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why bad things happen to good pitchers (A: the cardinals)

maybe the most remarkable thing about this postseason is that the cardinals have faced excellent pitching and have mostly overcome the excellent pitching. that's a combination of having a truly excellent offense and a lot of luck in a pretty small sample size. let's take a look at some of the star pitchers we've faced.

zach greinke

greinke, former AL Cy Young Award winner, is an excellent pitcher, who pulled down an astonishing 2.98 FIP/2.56 xFIP this season. in the postseason, though, he's looked more human (5.49 FIP/4.02xFIP), especially against the cardinals.

10/15  5.2 IP / 5 R / 2 ER / 2 BB / 0 K / -.240 WPA

10/ 9  6.0 IP / 6 R  / 6 ER / 2 BB / 6 K / -.334 WPA

shaun marcum

for all his late season struggles, shaun put together a decent 2011, an excellent #3 pitcher in a very solid rotation (3.73 FIP/3.89 xFIP). he's looked superficially different in september (4.49 FIP/3.89 xFIP - note the identical xFIP to his season number) and actually different in the tiny post season sample size (6.49 FIP/5.08 xFIP). i'm inclined to think that his late season struggles are not likely to predict poor performance tomorrow, but if he is suffering from some kind of injury, fatigue, or dead arm, i sure wouldn't complain about us running up the score on him early. his lone game against the cardinals did not look good:

10/10 4.0 IP / 5 R / 5 ER / 1 BB / 1 K / -.277 WPA

yovani gallardo

the #2 in the brewers rotation, gallardo's 3.52 FIP/3.59 xFIP would make him the best pitcher on a lot of staffs. his postseason numbers look good (3.97 FIP/ 3.93 xFIP), but reflect two strong games against the d-backs and one weak one against STL.

10/12 5.0 IP/ 4 R / 4 ER / 5 BB / 2 K /  - .139 WPA

the only brewers pitcher who's looked any good against us is, funnily enough, randy wolf, who is treading a post season road mediocrities like jeff suppan and jeff weaver know well. however, these three top pitchers combined to throw TEN walks at the cardinals in just under 21 innings, counterbalanced by only 9 strikeouts. wolf, naturally, threw 6 K's to one walk in seven innings.

baseball is a funny game.

the story against the phillies revealed some success against great pitchers, though not quite the domination seen against the brewers.

roy halladay

in the first game against halladay, we lucked into three runs against him, then touched up the phillies pen for another 3 runs; in the second game, we managed to get a single run early on, then couldn't put bat to ball for the rest of the game. naturally, we won the second and lost the first game against halladay. in truth, halladay looked like his dominant self. we were fortunate to get some timely hits in game 5, and more fortunate to watch carpenter make the 1-0 lead stand up. halladay is quite simply one of the best pitchers around (2.20 FIP/ 2.71 xFIP). he continued his dominance in the playoffs, but we managed to steal one from him regardless.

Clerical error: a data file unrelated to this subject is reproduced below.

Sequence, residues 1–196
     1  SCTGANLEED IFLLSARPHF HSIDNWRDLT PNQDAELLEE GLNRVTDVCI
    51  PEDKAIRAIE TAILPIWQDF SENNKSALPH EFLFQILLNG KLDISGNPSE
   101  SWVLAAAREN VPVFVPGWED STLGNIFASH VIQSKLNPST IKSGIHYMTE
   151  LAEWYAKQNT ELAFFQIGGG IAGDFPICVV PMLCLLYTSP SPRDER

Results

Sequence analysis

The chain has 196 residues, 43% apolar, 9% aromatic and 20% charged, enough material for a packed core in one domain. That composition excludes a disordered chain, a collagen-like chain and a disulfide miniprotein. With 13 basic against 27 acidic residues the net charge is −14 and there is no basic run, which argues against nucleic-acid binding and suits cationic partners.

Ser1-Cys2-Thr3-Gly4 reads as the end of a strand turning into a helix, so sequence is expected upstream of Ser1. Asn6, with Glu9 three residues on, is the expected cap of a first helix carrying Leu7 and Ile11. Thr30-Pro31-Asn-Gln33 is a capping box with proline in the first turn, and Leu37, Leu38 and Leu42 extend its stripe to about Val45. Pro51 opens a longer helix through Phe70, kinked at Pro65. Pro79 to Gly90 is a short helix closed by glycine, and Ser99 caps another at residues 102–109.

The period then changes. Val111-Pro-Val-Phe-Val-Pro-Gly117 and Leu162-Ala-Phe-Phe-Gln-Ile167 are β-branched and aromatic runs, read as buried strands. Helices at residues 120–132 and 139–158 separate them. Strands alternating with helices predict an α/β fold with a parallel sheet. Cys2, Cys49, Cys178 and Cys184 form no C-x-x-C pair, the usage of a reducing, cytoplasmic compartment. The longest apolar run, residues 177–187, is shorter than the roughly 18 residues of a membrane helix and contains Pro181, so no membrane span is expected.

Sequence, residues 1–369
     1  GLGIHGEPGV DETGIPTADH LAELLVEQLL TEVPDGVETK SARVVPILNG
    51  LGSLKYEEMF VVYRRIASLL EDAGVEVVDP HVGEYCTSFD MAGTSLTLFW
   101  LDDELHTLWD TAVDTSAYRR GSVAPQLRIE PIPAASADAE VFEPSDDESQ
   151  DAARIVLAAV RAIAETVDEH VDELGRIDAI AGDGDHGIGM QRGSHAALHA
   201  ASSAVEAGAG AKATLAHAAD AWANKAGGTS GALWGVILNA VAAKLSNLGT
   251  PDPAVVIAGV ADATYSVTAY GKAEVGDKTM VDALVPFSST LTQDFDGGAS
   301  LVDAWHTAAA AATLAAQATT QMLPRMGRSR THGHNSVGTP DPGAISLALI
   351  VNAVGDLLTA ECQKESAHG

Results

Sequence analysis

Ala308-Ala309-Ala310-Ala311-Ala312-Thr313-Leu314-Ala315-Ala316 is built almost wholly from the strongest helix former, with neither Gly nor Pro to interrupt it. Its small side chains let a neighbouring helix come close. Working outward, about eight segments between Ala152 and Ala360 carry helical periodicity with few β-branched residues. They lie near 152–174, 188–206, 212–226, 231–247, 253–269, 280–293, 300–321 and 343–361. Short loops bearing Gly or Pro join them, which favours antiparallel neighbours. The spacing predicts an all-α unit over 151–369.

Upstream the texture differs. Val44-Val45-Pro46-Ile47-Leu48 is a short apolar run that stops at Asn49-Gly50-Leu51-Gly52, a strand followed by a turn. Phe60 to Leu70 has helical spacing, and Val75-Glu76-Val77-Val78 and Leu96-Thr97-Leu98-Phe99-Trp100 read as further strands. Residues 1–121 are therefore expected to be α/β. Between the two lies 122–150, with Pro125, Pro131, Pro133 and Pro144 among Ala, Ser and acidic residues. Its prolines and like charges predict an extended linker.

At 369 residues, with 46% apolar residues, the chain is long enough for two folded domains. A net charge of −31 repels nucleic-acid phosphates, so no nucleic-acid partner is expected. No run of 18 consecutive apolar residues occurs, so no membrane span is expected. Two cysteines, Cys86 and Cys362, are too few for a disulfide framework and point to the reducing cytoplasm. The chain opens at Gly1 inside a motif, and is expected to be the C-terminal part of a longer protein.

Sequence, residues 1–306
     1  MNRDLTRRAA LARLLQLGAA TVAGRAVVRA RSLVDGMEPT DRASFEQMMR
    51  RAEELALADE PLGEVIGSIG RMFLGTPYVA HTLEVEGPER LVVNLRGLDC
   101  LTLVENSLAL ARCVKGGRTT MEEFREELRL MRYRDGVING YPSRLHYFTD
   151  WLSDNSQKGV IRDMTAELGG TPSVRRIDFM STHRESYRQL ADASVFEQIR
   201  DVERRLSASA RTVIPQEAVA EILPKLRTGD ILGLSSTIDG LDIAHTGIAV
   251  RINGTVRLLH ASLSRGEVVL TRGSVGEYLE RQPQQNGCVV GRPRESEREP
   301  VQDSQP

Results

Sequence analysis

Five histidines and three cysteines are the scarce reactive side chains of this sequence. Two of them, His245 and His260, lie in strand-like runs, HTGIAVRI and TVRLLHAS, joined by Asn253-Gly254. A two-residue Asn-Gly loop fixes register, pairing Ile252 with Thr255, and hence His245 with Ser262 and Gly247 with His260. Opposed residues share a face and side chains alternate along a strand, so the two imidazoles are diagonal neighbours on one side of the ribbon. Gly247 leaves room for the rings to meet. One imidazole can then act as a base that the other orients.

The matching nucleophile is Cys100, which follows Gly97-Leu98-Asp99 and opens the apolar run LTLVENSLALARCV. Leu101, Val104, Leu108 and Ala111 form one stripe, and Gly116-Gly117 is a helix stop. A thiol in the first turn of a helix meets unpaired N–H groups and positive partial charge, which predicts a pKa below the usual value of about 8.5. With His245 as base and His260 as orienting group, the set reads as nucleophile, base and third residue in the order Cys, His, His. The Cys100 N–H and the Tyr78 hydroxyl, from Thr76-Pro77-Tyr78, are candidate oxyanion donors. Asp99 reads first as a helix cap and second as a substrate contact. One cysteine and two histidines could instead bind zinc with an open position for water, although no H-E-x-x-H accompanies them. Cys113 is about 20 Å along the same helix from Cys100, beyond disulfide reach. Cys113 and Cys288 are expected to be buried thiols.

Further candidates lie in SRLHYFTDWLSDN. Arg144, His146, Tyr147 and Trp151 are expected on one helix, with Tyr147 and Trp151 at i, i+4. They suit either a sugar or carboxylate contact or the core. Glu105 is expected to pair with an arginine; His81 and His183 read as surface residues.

10/7 8.0 IP/ 1 R / 1 ER / 1 BB / 7 K / .220 WPA

10/1 8.0 / 3 R / 3 ER / 1 BB /8 K / -.090 WPA

roy oswalt

oswalt is no longer at the top of his game or in the best of health (2011: 3.44 FIP / 3.95 xFIP), but still a good pitcher. edwin jackson and the cardinals offense made this win stand up, though.

10/5 6.0 IP / 5 R / 5 ER / 1 BB / 5 K / -.275 WPA

cliff lee

cliff lee is also one of the best pitchers in baseball, logging a 2.60 FIP / 2.68 xFIP over the season. of all our successes against great pitchers, this game is perhaps the most significant, because of how dominant lee is and how well we performed. we hung 12 hits on a guy who is not very hittable, 3 walks on a guy who walks almost no one (1.62 BB/9).

10/2 6.0 IP / 5 R / 5 ER / 3 BB / 9 K / -.484

cole hamels

hamels is a better pitcher than you think he is (2011 3.05 FIP/ 3.02 xFIP), and the phillies #3 would be the #1 in most rotations, and the #2 in even the stacked milwaukee rotation.

in some ways, it's hard to make sense of hamels' success over lee's loss without admitting the importance of luck. both lee and hamels had nearly identical peripherals. hamels only gave up 5 hits, but the cards were able to hang seven more on the bullpen, and STILL only managed 2 runs. sometimes the balls don't fall your way.

10/4 6.0 IP / 0 R / 0 ER / 3 BB / 8 K / .348


it's amazing to look back at this 7-headed monster of pitching talent (and randy wolf) and realize that we won 6 out of 10 against them so far. there aren't many lucky wins here, unless you count chris carpenter being a badass a matter of luck. if anything, we forced games - like the hamels game - to remain close even where luck was working against us. we've faced 6 of the top 22 pitchers in the NL (two of them twice). oswalt didn't qualify, so if you expand the numbers to starting NL pitchers with 120 IP or more, we've faced seven of the top 25 NL pitchers in that time (and randy wolf). we faced two of the top 3 pitchers in the NL, and 4 of the top 12.

okay, cliff lee had some bad luck - .600 BABIP in the postseason. but we kept up with these great pitchers in large part because we have an excellent offense that forces pitchers to throw strikes and that makes contact with good pitches. whatever happens over the next two days - even if randy wolf starts on short rest - this team can be truly proud at facing down excellent pitchers and walking away with a great record against them this postseason.